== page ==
Published 23rd January 2014
The highest selling price for the quarterly fine art sale was achieved by a pair of George III carved mahogany pier tables (FS21/901) with later rectangular tops and moulded friezes. They had gadrooned aprons, centred by foliate scroll designs and were raised on moulded square chamfered legs. Having a pre-sale estimate of £4,000-£6,000, they exceeded all expectations selling for £26,500 following stiff competition from both telephone and Internet bidders from around the world.
Also within the fine furniture auction of the sale, there was the unique Penrose Irish shell cabinet (FS21/914). Made circa 1800 by Elizabeth Penrose, it is a fantasy grotto lined with sea shells collected from the beaches around Tramore and along the tidal reaches of the River Suir and fashioned into intricate patterns forming a cobbled arcaded terrace populated with glass animals and swans from the Waterford Glass Factory.
Elizabeth Penrose, who was born in 1779, was an accomplished needlewoman and around 1799 started work on an ambitious project to create a fantasy grotto - the petals of each of the flowers are made from individual shells, many hand tinted with watercolour. Family tradition has it that it took several years to construct. The mirrors were made for Elizabeth Penrose in the Waterford Glass Works. The cabinet sold for an amazing £23,000.
Another highlight of the sale was a Doccia figure of a man wearing Roman Costume (FS21/649). Dating from the 18th Century, this impressive piece sold for £21,000.
Staying with the ceramics auction of the sale, a fine Frederick Alfred Rhead (probably for Minton) pate-sur-pate porcelain vase (FS21/542) exceeded all expectations. This was one of many pieces from the estate of Richard Harry Rhead Cronin, son of Marie Elizabeth Adolphine Rhead (sister to Charlotte Rhead).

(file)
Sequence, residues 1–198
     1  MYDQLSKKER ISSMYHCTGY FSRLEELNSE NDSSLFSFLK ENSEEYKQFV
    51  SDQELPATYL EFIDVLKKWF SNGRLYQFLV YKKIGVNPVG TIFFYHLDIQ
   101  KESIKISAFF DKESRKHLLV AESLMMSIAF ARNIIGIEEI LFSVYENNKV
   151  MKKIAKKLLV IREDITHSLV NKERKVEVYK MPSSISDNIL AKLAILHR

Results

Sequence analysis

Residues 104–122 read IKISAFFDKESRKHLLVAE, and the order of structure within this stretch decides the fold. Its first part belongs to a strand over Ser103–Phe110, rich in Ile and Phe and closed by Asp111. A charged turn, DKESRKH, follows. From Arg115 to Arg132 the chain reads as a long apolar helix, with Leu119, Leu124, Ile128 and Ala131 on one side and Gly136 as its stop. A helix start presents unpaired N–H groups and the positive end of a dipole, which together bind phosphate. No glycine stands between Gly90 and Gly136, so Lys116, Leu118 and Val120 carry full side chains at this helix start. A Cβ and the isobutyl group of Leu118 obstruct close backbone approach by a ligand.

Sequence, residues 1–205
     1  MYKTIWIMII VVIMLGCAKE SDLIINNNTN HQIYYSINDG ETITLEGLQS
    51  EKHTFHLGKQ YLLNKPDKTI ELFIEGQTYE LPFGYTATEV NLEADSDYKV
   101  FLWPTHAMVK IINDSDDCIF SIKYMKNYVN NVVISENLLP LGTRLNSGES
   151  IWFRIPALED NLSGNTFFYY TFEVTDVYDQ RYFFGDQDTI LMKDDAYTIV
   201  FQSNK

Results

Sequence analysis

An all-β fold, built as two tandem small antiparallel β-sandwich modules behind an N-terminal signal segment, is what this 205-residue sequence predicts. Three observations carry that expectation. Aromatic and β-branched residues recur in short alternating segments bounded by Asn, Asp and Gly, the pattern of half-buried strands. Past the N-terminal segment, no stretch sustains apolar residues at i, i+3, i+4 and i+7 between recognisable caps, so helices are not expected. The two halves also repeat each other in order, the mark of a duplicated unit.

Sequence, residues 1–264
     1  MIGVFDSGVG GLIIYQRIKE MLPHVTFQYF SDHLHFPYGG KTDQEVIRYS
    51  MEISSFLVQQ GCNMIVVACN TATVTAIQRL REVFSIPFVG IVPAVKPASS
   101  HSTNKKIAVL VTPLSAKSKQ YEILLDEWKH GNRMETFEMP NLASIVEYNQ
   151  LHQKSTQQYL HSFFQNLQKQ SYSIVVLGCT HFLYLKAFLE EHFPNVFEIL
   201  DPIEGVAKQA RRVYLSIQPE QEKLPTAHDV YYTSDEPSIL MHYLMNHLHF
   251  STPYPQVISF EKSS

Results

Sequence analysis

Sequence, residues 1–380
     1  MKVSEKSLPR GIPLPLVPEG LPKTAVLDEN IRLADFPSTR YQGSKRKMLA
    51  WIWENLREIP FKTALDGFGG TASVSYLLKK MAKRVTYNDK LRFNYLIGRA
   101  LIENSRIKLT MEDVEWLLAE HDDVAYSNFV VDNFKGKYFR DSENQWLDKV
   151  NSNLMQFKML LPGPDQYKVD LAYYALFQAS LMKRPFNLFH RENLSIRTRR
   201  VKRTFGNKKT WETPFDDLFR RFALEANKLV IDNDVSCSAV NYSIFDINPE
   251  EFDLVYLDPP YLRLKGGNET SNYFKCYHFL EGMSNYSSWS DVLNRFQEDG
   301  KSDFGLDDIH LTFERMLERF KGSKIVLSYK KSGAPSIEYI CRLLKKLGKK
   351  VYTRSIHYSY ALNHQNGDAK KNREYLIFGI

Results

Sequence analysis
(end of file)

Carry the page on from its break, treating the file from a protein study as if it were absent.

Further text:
This rare vase of cylindrical form was decorated with an angel holding aloft a large bowl with text below 'And when the angel with his darker draught draws up to thee - take that and do not shrink' taken from verse 48 of the Rubaiyat of Omar Khayyam. Following fierce competition in the saleroom and on the telephones, it finally went under the hammer for £17,000.
From the same estate, a fine pate-sur-pate porcelain rectangular plaque by Frederick Alfred Rhead decorated with a scene from John Bunyan's Pilgrims Progress (FS21/553) realised £15,000.
In the fine picture auction of the sale, lots were selling very well indeed. The highlight within the pictures was an oil on canvas by Andrew Carrick Gow (1848-1920) entitled 'A Roman Triumph' (FS21/400). This magnificent painting by Gow depicted a Roman Triumph processing through the Arch of Titus. You could just make out the Coliseum in the background. It very pleasingly reached its top estimate at £15,000.
Other highlights within the sale included a Victorian Kings pattern flatware service by George William Adams in 1861 (FS21/61) which sold for £4,400; A pair of Regency mahogany bergere library armchairs (FS21/907) which realised £4,200; A Soloman Islands paddle (FS21/771) which fetched £4,100 and a walnut wheel barometer by John Hallifax of Barnsley (FS21/833) which sold for £13,500.